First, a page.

CyLab researchers touch on issues of cybersecurity, privacy and online crime at USENIX


August 24, 2015

“It’s complicated,” Lorrie Cranor said to a room full of eager computer security experts at last week’s 24th USENIX Security Symposium in Washington, D.C. “In order to study usable security, we have to simulate risk and do it in a believable way, without actually putting people at risk.”

Last week, CyLab faculty member Lorrie Cranor gave an invited talk at the 24th USENIX Security Symposium, titled “Conducting Usable Security Studies: It’s Complicated.” Cranor’s talk overviewed a series of studies that her lab, the CyLab Usable Privacy and Security Lab (CUPS), has performed over the past decade. It’s complicated, she explained, because the subjects taking part in usable security studies must be placed in realistically risky situations. In many cases, it is also important that participants focus on a task unrelated to security and be unaware that security is the focus of the study.

Cranor was joined by several CyLab researchers at USENIX who presented three CyLab papers:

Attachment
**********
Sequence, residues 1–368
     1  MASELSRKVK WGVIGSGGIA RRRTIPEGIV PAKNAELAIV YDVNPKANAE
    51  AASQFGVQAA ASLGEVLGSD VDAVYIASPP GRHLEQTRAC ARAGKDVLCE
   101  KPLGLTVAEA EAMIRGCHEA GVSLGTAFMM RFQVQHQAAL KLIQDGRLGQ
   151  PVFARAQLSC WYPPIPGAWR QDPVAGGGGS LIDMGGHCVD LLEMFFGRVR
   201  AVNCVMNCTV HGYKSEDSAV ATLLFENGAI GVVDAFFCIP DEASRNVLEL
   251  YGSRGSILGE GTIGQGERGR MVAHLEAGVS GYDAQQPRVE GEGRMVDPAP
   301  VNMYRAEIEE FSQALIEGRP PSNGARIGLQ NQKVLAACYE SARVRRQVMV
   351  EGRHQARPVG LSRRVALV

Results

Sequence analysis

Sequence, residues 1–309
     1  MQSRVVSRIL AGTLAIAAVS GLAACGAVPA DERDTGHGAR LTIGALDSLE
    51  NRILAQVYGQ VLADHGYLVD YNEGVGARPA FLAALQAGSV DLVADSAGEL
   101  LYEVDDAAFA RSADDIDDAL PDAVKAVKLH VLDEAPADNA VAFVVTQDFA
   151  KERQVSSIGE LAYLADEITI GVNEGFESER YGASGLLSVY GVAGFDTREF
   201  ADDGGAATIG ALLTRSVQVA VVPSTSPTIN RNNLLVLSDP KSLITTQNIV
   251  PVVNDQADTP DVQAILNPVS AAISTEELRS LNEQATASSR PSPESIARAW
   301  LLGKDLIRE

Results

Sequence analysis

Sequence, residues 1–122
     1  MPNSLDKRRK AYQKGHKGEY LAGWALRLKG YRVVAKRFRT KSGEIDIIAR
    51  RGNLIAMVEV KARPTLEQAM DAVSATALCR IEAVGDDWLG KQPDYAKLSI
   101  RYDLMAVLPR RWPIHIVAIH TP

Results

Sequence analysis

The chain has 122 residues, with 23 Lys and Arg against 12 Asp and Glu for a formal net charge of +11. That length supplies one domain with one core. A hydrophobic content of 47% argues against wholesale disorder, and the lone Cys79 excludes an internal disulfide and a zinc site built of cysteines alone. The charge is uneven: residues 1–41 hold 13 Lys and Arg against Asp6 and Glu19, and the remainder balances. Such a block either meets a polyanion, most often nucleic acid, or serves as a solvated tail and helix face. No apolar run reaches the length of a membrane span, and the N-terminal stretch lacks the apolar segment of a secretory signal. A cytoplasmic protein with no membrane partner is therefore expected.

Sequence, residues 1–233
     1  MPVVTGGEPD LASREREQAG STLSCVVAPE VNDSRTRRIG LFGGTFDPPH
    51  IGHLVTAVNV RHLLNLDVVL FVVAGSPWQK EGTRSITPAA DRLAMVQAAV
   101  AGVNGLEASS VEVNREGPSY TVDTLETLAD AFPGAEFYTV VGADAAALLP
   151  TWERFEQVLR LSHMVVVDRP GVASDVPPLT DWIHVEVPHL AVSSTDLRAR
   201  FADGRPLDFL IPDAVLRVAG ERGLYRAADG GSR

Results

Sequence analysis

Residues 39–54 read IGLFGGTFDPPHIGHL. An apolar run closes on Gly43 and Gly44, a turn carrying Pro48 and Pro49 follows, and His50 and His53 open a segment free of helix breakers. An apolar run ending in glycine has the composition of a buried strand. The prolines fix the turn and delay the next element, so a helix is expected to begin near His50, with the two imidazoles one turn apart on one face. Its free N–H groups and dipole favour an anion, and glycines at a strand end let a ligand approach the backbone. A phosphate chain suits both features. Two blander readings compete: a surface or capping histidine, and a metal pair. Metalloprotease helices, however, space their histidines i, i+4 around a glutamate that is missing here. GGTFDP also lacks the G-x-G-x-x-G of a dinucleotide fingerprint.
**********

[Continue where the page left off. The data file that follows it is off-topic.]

• Measuring the Longitudinal Evolution of the Online Anonymous Marketplace Ecosystem, co-authored by CyLab researchers Kyle Soska and Nicolas Christin, shows the results of a two-year comprehensive study of the contents of 35 “Dark Web” marketplaces, showing how contraband narcotics sales have risen and fallen over the course of the Dark Web’s brief history. The authors explain that to date, they have found no evidence supporting that takedowns of these markets have been effective.
  • Measuring Real-World Accuracies and Biases in Modeling Password Guessability was co-authored by CyLab researchers and alumni Blase Ur, Lujo Bauer, Nicolas Christin, Lorrie Cranor, Saranga Komanduri, Darya Kurilova, Michelle Mazurek, William Melicher and Richard Shay. The study investigated a variety of password-cracking approaches and found that a combination of state-of-the-art automated guessing techniques can approximate guessing by professionals. The CyLab team also announced that they have launched a free service to provide password guessability data to researchers (
  • Bohetei: Flexible and Elastic DDoS Defense, co-authored by Seyed Fayaz, Yoshiaki Tobioka and Vyas Sekar, highlights Bohetei, a flexible and elastic defense system against distributed denial of service (DDoS) attacks. The system is flexible and elastic such that it is able to handle complex attack routing and variable attack patterns.